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Sudan Instability Pushes Refugees to Chad Sudan Instability Pushes Refugees to Chad
by Rene Wadlow
2023-05-26 05:34:19
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Media attention has been largely focused on the armed conflict in the capital Khartoum between the rival generals Abdel Fattah al-Burham, Chief of the Army and Mohamed Hamdam Daglo, better known by his battle name "Hemetti", Chief of the Rapid Support Forces.  There has been the evacuation of personnel from the diplomatic embassies and refugee flows toward Egypt and South Sudan.

The current armed conflict has also had an impact on the unstable area of Darfur, western Sudan. Officials from the United Nations High Commissioner for Refugees (UNHCR) estimates that in the last couple of weeks some 60,000 persons from Darfur have crossed the frontier into Chad which lacks the resources and infrastructure to deal adequately with this refugee flow.

    Darfur (meaning the home of the Fur) is an area about the size of France but with a scattered population of some six million people, divided between camel and cattle-raising groups and the settled subsistence agriculture of indigenous tribes of the area such as the Fur and the Masalites.  Darfur has been largely outside the development activities of Sudan's governments.  It has a weak economy and a lack of social services.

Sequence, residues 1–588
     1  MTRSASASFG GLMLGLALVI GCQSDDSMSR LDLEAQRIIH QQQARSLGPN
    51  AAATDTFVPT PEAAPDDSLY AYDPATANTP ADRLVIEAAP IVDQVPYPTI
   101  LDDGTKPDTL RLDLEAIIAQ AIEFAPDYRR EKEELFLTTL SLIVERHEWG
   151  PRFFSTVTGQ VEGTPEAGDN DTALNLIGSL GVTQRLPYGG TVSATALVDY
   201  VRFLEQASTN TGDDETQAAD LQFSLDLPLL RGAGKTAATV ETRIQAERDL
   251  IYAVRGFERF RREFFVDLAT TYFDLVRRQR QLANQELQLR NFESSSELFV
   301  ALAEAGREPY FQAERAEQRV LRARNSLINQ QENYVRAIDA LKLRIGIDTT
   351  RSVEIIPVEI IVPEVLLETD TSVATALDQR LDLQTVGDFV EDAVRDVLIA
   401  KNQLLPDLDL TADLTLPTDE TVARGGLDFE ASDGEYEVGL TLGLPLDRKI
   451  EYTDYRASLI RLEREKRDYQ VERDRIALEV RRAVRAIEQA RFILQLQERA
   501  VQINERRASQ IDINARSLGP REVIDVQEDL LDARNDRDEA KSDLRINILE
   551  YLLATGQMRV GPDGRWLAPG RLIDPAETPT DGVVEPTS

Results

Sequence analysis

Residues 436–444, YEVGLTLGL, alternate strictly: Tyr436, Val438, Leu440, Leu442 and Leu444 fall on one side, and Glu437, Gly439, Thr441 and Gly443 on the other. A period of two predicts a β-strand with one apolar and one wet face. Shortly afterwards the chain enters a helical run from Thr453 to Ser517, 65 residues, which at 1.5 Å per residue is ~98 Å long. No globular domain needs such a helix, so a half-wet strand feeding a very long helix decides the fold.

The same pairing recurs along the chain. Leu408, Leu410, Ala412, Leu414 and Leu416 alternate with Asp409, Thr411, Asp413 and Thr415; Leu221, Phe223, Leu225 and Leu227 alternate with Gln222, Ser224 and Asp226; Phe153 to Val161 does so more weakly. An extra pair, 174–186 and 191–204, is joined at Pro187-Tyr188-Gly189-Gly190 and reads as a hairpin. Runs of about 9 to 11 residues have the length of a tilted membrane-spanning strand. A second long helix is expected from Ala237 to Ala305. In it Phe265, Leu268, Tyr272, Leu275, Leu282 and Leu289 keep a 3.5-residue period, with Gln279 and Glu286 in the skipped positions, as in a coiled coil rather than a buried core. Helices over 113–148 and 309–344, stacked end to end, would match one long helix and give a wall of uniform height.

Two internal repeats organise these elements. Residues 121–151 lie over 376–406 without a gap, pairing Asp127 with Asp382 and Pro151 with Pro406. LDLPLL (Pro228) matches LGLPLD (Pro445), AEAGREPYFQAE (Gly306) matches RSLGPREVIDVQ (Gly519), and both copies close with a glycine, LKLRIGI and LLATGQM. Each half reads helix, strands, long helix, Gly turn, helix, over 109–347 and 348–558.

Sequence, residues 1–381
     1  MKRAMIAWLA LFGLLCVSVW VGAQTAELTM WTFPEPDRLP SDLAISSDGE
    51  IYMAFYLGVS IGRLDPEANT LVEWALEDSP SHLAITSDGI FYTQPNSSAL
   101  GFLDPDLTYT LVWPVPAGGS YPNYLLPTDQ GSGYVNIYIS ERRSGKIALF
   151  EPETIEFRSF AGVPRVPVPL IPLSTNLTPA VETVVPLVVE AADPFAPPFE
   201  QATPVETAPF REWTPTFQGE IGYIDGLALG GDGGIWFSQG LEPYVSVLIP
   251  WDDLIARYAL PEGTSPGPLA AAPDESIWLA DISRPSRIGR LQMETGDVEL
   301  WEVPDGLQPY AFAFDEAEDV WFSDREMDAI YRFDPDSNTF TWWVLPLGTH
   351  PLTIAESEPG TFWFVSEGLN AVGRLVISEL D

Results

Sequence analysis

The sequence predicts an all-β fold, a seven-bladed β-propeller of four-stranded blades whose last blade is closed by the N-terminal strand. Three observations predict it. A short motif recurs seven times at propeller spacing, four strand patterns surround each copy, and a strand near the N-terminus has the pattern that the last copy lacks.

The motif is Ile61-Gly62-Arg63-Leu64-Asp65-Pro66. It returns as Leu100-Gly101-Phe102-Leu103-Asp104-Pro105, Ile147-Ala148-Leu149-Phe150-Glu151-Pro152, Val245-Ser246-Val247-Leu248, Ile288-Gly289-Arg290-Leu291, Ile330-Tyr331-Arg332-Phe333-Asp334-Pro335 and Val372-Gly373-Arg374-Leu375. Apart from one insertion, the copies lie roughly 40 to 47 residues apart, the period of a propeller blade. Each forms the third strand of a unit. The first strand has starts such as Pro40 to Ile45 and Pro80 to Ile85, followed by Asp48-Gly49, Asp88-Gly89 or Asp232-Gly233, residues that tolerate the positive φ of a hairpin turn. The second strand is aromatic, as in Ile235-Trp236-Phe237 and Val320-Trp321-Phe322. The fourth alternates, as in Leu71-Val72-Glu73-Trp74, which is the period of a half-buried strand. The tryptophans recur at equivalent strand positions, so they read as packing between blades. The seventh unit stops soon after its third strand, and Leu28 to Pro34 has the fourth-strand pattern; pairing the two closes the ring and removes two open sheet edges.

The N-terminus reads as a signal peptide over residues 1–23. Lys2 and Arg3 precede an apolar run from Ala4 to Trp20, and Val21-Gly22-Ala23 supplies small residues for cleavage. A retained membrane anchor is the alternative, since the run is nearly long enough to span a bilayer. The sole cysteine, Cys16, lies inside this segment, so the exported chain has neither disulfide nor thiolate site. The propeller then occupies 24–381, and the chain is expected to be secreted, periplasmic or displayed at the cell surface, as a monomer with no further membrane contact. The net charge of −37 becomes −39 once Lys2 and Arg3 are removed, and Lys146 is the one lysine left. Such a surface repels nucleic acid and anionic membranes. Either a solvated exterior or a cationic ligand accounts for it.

This lack of development and of social services led to an outbreak of violence in 2003, which has caused the death of some 300,000 and the displacement of some three million.  In February 2004, the Association of World Citizens raised the critical situation in Darfur in the United Nations Commission on Human Rights and has tried to follow the evolution of the situation since.  (1)

The political and economic situation in Chad has also been violent and unstable for a long time. Camel and cattle-raising tribes from Chad have traditionally moved into Darfur and vice-versa.  There were frontiers between tribes, but they did not correspond to State boundaries.  However, the current refugee flow from Darfur into Chad is of much greater magnitude.  The government of Chad is unable to deal adequately with the situation.

It is difficult to know how long the struggle for power between the generals will go on and how the struggle will impact different parts of the country.  A dangerous situation which must be watched closely.  We must hope that some of the mediation proposals already made can lead to a halt to the violence.

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Note
1) For a good account of the start of the Darfur conflicts see: Julie Flint and Alex de Wall.
Darfur: A Short History of a Long War (London: Zed Books, 2005)

*******************

René Wadlow, President, Association of World Citizens


    
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